Web Design Research
Ok, so I started out my research of what I would ideally want on my website by looking at my favourite artists’ online presence and analysed what worked for me on their sites, (I guess that this is all personal opinion, so no offence is meant by any of my analysis!)
Ale Diaz is a firm favourite so I started out there…I really like her URL to start with (http://www.alediaz.com/), it’s easy to find and relates to her and her name well. I too like the use of her own typography, it gives it personality and accessibility too, anyone can create some quick typeface of their own, right? Whatever the final outcome of my website I would like for people to be able to engage with it and for it not to be overly precious and finalised; I would like the rawness which is incorporated in my work naturally to come through. I like a plain white background, it’s easy clean and makes work stand out, there’s no distractions other than what people should ideally be there to look at in the first place – Ale demonstrates this well. Important information such as email and contact details need to be on the main page so that potential clients and people wanting to commission me can find them easily. I don’t want them getting annoyed trying to find my details and eventually giving up on me!
Although flashy animations look good such as those used on Tim Burton’s site (http://www.timburton.com/) I can imagine that they would get very tiring very quickly. I don’t want people getting bored waiting to see my actual work or contact details whilst waiting for something that isn’t really an important feature just a filler. I believe that a website is there for a purpose and I want it to achieve that purpose quickly and efficiently. Interactive features and music, as again seen on the Tim Burton site, are a lovely addition first time around, but if a client is making frequent visits to my site I imagine these would get rather boring too.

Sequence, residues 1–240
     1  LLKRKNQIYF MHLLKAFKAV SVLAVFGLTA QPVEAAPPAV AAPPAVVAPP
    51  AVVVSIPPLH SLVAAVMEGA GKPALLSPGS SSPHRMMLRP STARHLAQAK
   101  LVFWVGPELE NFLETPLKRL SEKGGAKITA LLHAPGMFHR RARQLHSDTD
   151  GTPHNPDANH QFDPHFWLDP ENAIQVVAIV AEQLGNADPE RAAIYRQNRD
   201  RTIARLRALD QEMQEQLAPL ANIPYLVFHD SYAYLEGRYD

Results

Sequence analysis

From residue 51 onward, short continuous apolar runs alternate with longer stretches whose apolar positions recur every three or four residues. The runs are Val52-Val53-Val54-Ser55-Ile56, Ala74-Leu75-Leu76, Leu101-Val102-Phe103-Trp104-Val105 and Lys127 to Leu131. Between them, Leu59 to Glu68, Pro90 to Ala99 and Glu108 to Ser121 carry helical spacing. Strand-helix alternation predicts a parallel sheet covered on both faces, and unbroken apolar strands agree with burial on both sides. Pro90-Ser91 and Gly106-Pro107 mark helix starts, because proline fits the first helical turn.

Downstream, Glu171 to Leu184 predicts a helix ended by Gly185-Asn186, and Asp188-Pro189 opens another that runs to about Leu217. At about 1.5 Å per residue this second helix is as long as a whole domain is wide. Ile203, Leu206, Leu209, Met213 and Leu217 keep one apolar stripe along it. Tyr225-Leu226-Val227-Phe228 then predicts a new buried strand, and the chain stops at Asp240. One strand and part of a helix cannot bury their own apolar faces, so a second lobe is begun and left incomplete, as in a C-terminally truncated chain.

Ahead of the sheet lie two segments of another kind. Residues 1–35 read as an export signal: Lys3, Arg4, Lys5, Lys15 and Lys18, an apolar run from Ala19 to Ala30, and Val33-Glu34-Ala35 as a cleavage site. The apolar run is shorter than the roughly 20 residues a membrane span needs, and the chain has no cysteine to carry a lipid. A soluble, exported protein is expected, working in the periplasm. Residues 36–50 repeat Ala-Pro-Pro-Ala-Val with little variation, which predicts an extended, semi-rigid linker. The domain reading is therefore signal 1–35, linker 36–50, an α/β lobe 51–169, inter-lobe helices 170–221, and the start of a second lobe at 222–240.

Sara Fanelli (http://www.sarafanelli.com/) also makes it too complicated getting to the point with the click on this click on that palaver. To see any of her actual work (including clicking the link from a Google search) you need to make four individual clicks to see one piece of her work, more clicks if you need to see more than one as each piece is individually listed. I think having all the pieces on a full screen shot will allow ease of viewing and less boredom searching around. Additionally, it eradicates the simultaneous new window boxes appearing every time you click on another piece of work you want to view, which is also highly irritating.
Eric Carle’s website (http://www.eric-carle.com/home.html) is user friendly, straight to the point and most importantly engages his target audience – children. If my target audience is definitely going to be children (I’m producing rather a lot of children’s story book work) I need to bear this in mind too. Icons that are child friendly are going to stand me in good stead compared to words which children may not know or understand wholly. His font is easily readable making it accessible for all audiences and everything is labelled well. It is nice to know that I agree with Eric Carle and Quentin Blake (http://www.quentinblake.com/(amongst others)) that keeping a neutral white background will make emphasis on my work without added distractions. Unlike these two very well established illustrators who must receive thousands of junk mails etc. I need to have my contact details displayed well. Quentin Blake for example only lists his agents’ details; unfortunately I don’t have this luxury just yet (hopefully one day though!)
Attributes for my site:
So then, attributes I would like my site to have are:
1. A synonymous URL
2. Plain, clean, white background
3. Contact details on the front page
4. Hand rendered typeface
5. Child friendly icons